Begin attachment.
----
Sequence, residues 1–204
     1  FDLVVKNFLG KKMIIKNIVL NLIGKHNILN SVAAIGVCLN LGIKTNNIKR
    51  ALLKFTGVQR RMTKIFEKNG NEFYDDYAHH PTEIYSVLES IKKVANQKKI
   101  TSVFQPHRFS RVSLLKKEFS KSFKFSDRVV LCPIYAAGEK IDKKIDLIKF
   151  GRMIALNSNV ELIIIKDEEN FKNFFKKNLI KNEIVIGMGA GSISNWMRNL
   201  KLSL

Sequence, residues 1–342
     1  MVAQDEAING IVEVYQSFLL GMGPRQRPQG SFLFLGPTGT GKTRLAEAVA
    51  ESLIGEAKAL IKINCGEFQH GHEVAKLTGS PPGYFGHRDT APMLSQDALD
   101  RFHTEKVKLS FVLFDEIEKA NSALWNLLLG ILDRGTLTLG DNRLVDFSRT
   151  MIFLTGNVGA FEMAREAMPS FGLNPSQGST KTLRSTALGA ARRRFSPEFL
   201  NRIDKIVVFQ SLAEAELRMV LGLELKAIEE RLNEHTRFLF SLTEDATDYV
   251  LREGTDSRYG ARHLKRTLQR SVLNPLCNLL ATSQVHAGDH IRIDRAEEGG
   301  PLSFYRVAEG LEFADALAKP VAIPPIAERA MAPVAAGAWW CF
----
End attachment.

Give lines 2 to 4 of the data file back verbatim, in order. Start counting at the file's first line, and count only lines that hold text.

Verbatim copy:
     1  FDLVVKNFLG KKMIIKNIVL NLIGKHNILN SVAAIGVCLN LGIKTNNIKR
    51  ALLKFTGVQR RMTKIFEKNG NEFYDDYAHH PTEIYSVLES IKKVANQKKI
   101  TSVFQPHRFS RVSLLKKEFS KSFKFSDRVV LCPIYAAGEK IDKKIDLIKF